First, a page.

iPad Art: Make Fun GIFs in Procreate | Nic Squirrell | Skillshare

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iPad Art: Make Fun GIFs in Procreate

teacher avatar Nic Squirrell, Artist and illustrator

Watch this class and thousands more

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Taught by industry leaders & working professionals
Topics include illustration, design, photography, and more

Watch this class and thousands more

Get unlimited access to every class
Taught by industry leaders & working professionals
Topics include illustration, design, photography, and more

Lessons in This Class

    • 1.

      About this Class


    • 2.



    • 3.

      Animating Existing Art


    • 4.



    • 5.

      Selective Movement


    • 6.



    • 7.

      Flipbook Style


    • 8.

      Mix it Up


    • 9.

      Uploading to IG


    • 10.

      Project & Final Thoughts


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About This Class

Animated GIFs are really popular, and are now easy and lots of fun to make in Procreate on your iPad.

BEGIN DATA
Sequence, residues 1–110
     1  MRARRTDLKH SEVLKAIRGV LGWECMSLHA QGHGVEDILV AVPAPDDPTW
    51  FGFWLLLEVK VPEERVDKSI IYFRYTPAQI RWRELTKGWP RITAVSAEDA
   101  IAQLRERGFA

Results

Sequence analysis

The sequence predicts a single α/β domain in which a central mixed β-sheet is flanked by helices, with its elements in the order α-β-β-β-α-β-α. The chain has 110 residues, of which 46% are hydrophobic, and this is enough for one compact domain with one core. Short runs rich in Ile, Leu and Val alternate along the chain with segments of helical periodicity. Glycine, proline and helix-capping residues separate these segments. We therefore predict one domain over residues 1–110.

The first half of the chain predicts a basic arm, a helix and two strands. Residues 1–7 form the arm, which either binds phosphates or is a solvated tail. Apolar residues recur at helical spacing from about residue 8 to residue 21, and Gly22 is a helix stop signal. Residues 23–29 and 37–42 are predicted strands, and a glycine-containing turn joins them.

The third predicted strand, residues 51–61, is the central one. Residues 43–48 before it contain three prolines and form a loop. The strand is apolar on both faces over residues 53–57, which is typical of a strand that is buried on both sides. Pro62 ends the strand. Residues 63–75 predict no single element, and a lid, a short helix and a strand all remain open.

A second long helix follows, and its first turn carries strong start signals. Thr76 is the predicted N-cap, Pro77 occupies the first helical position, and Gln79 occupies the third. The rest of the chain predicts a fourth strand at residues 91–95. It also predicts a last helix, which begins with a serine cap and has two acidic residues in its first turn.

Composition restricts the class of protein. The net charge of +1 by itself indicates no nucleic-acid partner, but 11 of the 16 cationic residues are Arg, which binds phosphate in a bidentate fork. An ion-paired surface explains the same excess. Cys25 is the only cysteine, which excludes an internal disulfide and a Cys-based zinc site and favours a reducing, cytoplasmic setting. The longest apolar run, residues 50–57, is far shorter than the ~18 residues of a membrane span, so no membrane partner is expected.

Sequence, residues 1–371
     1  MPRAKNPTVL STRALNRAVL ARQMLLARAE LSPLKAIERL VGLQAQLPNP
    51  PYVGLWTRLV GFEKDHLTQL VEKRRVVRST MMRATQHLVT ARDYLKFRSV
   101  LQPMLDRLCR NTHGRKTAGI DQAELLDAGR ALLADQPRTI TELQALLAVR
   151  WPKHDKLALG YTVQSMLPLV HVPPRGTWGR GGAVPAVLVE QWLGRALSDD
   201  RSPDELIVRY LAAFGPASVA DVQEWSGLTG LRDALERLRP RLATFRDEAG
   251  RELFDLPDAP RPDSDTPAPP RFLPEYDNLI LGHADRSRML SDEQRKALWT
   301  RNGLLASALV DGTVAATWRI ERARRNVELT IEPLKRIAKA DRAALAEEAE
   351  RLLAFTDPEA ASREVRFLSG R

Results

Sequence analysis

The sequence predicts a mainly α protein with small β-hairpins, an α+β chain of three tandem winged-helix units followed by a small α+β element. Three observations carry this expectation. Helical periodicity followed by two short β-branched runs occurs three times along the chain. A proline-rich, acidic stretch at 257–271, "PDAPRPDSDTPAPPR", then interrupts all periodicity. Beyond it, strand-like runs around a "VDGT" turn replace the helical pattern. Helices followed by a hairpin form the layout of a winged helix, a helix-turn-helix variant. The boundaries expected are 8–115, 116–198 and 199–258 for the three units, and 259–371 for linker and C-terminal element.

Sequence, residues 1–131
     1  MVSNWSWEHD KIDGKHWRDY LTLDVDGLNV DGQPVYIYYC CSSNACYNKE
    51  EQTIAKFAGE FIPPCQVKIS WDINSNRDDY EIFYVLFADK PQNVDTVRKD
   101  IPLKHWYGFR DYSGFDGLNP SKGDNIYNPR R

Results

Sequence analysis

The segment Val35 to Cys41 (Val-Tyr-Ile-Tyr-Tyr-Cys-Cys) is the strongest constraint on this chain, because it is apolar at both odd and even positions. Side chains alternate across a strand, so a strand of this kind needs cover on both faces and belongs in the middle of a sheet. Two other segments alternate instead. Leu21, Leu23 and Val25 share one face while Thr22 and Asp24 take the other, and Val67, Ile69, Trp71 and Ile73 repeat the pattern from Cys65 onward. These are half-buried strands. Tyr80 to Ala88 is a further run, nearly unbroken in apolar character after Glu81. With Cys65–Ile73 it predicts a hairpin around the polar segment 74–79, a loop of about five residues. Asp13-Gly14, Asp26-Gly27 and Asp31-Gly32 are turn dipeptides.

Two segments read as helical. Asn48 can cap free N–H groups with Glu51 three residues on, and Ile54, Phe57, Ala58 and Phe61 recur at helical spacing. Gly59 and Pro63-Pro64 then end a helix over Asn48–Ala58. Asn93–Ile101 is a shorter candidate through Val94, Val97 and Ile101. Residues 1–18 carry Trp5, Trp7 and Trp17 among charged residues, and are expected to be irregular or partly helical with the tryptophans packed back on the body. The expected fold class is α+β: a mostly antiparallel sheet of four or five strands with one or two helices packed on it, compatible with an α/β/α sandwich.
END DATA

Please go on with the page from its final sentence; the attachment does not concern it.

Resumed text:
In this class we will be looking at different ways of creating GIFs which are very effective whether you’re drawing something new or animating your existing art.  

We will also be using some of the other new features in Procreate, including resizing the canvas, liquify, text and isolation mode.

If you are brand new to Procreate, you might like to take my class : iPad Art: Create a Monster - An Introduction to Procreate first.

I have put the Gifs I made in this class on Giphy, so you can use them as free stickers in your Instagram Stories by typing nicsquirrell in the search bar. Yay!